Following News of More Belo Layoffs, Union Demands Robert Decherd Take a Pay Cut
A.H. Belo announced this morning that it is going to "cut approximately 500 jobs, or more than 14 percent of its workforce," at all of its properties, among them The Dallas Morning News and the Providence Journal. Which is why a Friend of Unfair Park sends this announcement from the Providence Newspaper Guild: This morning it adopted a joint resolution, along with the Providence Unit Council, calling for A.H. Belo Corp. CEO Robert Decherd to "give back a 140% raise granted in December." As The News reported on December 8 -- less than two months after A.H. Belo laid off some 500 employees, following a first round of buyouts and layoffs in '06 -- Decherd will receive a salary this year of $600,000. In 2008, he took a reduced salary of $250,000, but only after receiving a 2007 salary of nearly $1 million, in addition to a $3 million bonus. The resolution reads, in its entirety:
In recognition of the trying times facing the newspaper industry and the sacrifices A.H. Belo employees have been called upon to make, including in some cases their very jobs, we call on A.H. Belo CEO and president Robert W. Decherd to forgo his recent 140% raise and return his base salary to its 2008 level of a quarter million dollars a year.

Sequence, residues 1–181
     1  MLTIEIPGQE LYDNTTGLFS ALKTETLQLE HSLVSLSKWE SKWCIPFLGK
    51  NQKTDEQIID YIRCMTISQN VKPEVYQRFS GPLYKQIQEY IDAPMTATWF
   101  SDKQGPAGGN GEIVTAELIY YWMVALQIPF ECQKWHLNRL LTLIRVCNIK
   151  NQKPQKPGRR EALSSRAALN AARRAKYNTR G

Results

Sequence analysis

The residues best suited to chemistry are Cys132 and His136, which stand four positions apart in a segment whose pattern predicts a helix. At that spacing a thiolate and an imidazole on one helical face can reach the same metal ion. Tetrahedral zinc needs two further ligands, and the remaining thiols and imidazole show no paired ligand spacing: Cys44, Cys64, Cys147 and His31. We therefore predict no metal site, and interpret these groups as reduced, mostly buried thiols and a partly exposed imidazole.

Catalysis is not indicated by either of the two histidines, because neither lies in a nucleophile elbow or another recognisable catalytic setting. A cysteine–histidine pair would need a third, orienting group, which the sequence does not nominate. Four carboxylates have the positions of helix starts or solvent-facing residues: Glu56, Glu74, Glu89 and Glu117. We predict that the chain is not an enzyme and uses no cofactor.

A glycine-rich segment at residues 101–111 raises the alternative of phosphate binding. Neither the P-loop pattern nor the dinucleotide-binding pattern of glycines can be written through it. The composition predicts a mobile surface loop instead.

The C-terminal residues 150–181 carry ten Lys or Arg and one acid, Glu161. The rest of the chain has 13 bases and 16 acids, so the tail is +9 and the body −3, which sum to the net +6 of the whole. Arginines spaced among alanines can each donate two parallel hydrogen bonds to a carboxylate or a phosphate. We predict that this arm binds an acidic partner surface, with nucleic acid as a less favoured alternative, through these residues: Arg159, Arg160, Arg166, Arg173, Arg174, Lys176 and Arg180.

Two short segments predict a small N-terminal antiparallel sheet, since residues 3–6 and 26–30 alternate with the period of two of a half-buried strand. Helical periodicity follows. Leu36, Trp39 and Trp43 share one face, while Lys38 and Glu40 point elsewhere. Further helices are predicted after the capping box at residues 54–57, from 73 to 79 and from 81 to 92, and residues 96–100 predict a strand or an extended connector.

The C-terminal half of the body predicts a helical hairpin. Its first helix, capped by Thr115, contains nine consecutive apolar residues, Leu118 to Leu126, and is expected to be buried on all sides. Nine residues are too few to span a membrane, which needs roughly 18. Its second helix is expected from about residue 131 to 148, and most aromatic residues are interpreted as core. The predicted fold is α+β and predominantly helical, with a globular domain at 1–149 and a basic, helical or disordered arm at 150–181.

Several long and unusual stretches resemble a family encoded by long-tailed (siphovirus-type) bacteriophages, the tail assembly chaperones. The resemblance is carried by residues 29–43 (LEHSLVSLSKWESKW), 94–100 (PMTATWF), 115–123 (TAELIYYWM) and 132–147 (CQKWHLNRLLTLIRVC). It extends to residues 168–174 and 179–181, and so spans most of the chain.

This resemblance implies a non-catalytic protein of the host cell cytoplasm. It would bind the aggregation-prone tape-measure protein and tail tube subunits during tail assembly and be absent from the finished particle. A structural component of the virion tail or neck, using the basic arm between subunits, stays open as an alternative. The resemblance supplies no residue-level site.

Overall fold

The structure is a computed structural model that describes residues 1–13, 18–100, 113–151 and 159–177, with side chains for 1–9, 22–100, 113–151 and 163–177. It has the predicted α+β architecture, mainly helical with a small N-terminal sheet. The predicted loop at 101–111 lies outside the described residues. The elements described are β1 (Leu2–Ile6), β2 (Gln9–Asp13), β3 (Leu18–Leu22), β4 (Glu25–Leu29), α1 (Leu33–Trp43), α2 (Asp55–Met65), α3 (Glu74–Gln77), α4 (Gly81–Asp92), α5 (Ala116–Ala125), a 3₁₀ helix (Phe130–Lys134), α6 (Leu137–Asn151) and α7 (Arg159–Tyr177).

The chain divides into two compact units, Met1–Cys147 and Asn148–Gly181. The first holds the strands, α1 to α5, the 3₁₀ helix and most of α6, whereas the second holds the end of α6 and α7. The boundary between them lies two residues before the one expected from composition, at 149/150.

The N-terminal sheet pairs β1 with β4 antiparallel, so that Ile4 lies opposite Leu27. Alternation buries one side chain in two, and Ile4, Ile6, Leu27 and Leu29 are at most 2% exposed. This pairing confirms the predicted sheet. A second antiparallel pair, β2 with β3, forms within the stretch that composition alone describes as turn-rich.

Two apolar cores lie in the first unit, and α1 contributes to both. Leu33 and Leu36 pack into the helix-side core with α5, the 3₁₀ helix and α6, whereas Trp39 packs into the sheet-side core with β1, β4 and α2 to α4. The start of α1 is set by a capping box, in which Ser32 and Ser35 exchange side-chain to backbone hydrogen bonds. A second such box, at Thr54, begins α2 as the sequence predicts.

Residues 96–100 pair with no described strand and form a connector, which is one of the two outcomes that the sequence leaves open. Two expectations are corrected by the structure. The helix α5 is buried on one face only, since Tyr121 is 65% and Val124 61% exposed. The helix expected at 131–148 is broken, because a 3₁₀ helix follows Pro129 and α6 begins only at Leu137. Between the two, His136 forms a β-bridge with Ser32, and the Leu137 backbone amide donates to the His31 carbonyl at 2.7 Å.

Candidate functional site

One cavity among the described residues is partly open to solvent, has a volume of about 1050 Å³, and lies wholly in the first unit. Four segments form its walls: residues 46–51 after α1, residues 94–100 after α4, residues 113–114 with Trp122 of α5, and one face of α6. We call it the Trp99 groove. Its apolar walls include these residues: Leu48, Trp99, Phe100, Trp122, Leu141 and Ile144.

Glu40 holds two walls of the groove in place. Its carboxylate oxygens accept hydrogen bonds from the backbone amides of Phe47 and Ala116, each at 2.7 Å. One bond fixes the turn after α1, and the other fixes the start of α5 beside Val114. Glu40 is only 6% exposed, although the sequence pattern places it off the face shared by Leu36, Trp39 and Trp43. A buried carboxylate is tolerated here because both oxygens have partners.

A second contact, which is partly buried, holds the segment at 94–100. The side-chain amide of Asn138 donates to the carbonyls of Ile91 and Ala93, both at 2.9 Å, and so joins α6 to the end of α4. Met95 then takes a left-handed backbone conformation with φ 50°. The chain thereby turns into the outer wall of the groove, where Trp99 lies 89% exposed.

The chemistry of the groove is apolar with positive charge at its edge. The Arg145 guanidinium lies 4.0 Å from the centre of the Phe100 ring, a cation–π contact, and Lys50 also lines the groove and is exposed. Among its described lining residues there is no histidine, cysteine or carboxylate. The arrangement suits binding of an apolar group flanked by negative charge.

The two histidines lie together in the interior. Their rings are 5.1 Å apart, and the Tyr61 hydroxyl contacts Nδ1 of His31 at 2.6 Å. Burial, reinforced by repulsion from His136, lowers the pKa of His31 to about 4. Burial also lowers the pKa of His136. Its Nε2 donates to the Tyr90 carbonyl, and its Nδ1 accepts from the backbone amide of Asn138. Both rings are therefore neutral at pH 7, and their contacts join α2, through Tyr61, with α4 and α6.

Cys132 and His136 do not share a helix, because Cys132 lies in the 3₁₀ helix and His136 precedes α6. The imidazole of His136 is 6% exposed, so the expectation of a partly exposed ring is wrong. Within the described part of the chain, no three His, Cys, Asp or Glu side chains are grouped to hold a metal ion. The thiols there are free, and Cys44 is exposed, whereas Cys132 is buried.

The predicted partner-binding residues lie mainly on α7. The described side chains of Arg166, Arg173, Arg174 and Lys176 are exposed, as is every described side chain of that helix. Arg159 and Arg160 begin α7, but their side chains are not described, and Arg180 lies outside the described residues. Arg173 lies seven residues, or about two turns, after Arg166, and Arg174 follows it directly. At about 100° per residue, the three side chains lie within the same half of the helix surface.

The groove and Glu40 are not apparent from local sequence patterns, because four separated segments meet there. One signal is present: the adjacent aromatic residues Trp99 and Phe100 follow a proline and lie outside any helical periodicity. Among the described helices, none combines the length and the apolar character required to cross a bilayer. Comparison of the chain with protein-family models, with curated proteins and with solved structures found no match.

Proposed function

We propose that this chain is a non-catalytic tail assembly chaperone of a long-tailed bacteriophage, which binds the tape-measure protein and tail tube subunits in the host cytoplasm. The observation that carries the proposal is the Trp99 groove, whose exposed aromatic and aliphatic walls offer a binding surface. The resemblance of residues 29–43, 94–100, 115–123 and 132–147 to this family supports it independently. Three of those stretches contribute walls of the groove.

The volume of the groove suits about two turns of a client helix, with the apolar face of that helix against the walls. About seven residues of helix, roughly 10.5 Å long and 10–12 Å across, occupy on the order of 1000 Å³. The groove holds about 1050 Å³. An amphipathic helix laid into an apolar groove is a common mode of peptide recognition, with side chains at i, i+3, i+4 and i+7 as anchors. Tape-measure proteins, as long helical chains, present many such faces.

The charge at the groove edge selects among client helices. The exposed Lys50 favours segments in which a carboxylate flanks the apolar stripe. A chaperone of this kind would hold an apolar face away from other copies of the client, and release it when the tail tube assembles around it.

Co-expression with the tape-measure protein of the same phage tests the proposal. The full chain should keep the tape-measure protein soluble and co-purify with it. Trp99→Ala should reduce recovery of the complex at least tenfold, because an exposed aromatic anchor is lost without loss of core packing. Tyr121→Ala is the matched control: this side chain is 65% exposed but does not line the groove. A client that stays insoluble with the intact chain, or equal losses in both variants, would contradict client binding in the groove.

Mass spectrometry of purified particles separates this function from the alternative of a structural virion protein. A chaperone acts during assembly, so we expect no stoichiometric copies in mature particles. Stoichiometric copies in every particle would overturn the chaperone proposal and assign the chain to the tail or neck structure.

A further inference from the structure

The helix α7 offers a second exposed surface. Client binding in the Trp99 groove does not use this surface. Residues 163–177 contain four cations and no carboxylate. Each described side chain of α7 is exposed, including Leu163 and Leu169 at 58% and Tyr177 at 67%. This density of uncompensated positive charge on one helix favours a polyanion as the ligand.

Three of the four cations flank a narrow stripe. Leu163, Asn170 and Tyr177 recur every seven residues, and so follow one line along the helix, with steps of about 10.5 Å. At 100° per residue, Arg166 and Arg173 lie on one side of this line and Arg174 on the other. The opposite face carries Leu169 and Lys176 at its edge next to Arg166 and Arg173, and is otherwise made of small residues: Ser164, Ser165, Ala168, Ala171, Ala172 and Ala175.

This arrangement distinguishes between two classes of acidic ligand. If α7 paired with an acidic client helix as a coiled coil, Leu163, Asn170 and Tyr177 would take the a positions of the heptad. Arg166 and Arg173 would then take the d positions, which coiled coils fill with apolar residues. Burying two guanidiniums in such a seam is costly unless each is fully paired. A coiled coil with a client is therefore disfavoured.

Unfair Park has called Decherd's office, but his assistant says "he isn't available" to discuss either the layoff memo or union's resolution. We were referred instead to Maribel Correa, director of investor relations and corporate communications, who likewise hasn't returned phone calls.
Update: Correa called back, but didn't offer much: "I have no comment other than what's in the letter," she said. She says she does not know when layoffs will begin or from which departments they will come: "We do not how those headcounts are going to be allocated," is how she put it. Nor could she say whether A.H. Belo will address the union's resolution this morning. One thing she did say, for those among us who receive Briefing whether we want it or not: It's profitable, to the tune of $500,000 since its last August launch, and therefore not going away any time soon.
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